Glasgow Central railway bridge to get £13m renovation
The Edwardian era New Clyde Bridge will be refurbished over the next two years.
A £13m renovation of the Edwardian rail bridge leading into Glasgow Central Station will begin this year.
The New Clyde Bridge will undergo extensive refurbishment and repair works with engineers blasting off old paint, inspecting and repairing the steel beneath, before repainting the bridge in its existing colour scheme.
Originally constructed between 1899 and 1905, the A-listed bridge is used daily by trains running between Glasgow and Lanarkshire, Renfrewshire, Ayrshire and Inverclyde.
The renovation of the 200m-long bridge will be delivered over two years by Taziker Industrial, who recently completed a £75m restoration of the Tay Bridge.
Matthew Spence, Network Rail's route delivery director for Scotland, said: "The New Clyde Bridge is one of the hardest-working structures on our railway - carrying nearly 1300 trains each day to and from the country's busiest station.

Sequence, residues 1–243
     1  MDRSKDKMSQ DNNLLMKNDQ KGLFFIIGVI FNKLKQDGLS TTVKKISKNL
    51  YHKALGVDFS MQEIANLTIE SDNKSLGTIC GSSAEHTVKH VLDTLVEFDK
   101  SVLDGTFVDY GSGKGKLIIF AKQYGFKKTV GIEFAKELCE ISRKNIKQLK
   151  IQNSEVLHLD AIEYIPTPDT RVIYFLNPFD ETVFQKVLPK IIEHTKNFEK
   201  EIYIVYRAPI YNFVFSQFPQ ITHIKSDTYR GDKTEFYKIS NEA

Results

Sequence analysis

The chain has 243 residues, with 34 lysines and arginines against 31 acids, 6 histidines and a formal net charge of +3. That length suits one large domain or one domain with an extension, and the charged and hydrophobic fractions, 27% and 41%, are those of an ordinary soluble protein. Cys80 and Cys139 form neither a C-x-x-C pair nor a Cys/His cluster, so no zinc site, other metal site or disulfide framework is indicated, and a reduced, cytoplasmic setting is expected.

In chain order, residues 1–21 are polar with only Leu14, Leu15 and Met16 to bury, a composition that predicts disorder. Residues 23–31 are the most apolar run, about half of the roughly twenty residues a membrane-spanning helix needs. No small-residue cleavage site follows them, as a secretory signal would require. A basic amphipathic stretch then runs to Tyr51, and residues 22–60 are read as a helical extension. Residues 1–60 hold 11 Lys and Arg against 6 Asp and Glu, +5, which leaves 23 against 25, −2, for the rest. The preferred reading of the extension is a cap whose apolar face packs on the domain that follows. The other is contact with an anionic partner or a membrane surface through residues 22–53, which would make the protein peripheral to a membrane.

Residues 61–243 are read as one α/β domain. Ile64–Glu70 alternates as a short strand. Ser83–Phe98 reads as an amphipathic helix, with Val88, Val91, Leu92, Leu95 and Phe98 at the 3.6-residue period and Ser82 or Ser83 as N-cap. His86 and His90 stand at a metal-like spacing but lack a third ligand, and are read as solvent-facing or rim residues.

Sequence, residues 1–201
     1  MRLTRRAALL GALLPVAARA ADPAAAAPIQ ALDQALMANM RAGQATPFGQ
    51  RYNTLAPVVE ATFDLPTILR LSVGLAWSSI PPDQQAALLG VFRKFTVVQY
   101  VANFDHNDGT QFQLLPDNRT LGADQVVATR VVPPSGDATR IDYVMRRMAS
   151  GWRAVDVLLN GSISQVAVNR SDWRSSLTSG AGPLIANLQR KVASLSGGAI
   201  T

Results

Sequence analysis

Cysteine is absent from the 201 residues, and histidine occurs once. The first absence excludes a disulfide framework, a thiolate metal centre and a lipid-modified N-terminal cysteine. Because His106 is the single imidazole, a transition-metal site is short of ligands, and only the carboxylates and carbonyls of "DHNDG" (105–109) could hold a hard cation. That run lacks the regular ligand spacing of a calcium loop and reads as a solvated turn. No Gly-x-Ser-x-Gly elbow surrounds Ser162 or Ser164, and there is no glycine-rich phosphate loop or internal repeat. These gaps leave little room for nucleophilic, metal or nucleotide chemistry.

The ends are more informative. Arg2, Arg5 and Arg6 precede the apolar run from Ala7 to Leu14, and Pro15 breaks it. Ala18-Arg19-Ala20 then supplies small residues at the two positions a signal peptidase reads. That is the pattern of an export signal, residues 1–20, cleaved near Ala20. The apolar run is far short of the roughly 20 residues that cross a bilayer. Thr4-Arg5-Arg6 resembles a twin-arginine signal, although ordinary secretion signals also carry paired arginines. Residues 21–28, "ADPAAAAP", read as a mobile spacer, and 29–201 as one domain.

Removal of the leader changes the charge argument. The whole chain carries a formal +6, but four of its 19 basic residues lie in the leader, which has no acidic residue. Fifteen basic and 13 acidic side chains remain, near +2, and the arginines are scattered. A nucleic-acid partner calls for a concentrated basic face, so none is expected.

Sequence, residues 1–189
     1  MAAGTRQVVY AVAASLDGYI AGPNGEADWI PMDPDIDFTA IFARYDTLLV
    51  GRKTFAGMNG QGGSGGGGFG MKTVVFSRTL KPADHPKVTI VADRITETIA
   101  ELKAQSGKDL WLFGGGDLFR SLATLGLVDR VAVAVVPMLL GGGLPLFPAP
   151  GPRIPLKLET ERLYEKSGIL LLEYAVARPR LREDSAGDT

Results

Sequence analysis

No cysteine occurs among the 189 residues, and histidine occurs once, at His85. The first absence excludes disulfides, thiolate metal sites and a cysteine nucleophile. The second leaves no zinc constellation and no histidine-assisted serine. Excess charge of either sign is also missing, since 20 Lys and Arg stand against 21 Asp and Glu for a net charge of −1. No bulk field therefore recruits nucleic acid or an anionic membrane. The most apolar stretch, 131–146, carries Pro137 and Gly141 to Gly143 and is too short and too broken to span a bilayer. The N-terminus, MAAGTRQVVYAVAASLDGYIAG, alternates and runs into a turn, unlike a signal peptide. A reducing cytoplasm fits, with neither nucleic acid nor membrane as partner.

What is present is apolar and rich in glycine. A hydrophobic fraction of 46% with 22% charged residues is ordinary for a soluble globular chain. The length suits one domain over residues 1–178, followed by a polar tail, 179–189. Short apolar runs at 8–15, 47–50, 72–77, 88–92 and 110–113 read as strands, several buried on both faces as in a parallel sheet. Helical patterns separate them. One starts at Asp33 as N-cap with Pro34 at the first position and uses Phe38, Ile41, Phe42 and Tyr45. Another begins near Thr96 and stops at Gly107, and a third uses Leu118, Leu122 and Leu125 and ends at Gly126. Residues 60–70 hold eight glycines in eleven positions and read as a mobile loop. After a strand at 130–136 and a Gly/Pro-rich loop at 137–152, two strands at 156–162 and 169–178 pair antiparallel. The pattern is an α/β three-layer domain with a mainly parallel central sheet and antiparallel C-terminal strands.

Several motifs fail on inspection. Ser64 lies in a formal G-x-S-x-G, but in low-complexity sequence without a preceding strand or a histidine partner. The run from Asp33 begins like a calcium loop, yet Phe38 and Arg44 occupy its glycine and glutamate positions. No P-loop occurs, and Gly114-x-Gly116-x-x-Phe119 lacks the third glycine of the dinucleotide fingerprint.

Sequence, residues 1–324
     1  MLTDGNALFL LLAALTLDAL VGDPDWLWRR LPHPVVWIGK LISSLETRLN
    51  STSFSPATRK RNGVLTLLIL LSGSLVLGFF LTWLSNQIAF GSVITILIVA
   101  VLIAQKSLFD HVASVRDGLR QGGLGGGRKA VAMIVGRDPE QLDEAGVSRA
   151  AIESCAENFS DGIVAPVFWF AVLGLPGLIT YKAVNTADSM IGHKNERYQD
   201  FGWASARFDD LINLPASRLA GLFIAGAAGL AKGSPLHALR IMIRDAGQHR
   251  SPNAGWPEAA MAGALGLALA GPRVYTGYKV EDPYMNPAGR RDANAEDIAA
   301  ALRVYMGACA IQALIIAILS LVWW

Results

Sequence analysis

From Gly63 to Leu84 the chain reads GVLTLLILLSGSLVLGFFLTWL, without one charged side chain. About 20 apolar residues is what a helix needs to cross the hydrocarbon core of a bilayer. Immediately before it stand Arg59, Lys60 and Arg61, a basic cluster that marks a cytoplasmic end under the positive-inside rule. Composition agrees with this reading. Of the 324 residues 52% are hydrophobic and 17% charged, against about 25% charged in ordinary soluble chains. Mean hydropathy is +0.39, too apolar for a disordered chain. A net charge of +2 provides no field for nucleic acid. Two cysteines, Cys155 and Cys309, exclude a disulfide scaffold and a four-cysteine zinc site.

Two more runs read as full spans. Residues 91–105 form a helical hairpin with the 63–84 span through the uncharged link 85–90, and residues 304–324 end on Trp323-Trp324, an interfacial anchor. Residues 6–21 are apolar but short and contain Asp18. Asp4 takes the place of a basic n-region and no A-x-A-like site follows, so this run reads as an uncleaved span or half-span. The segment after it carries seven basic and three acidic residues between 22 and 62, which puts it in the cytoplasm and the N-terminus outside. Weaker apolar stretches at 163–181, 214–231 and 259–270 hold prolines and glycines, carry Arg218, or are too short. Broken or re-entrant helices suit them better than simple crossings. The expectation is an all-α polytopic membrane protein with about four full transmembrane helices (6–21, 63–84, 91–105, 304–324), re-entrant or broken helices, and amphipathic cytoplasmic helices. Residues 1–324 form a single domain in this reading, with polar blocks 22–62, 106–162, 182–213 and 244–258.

"The work we are doing will ensure this landmark bridge can continue to play its vital role in keeping Scotland's railway moving for decades to come.
"The Network Rail team with main contractor Taziker have vast experience in restoring some of the country's most recognisable railway bridges including full refurbishments of both the Tay and Findhorn bridges over the last few years.
"Together we will bring all that experience to bear as we work as quickly and efficiently as possible to deliver this project."
The bridge, which is also known as the Caledonian Railway Bridge, will be refurbished in stages with engineering work starting at the south (Tradeston) side of the river later this month.
Each section of the bridge will be scaffolded and wrapped in special encapsulation material before an engineering survey is carried out to identify those parts of the steel structure in need of repair.
The old paint will then be grit-blasted off, metal repairs carried out and new paint applied.
The encapsulation material, which has also been used on the Tay and Forth bridge refurbishment projects, will ensure dust and debris from the work remains inside the work-site and does not contaminate the river below.
Network Rail said the work would not disrupt services, and was due to be completed by December 2020.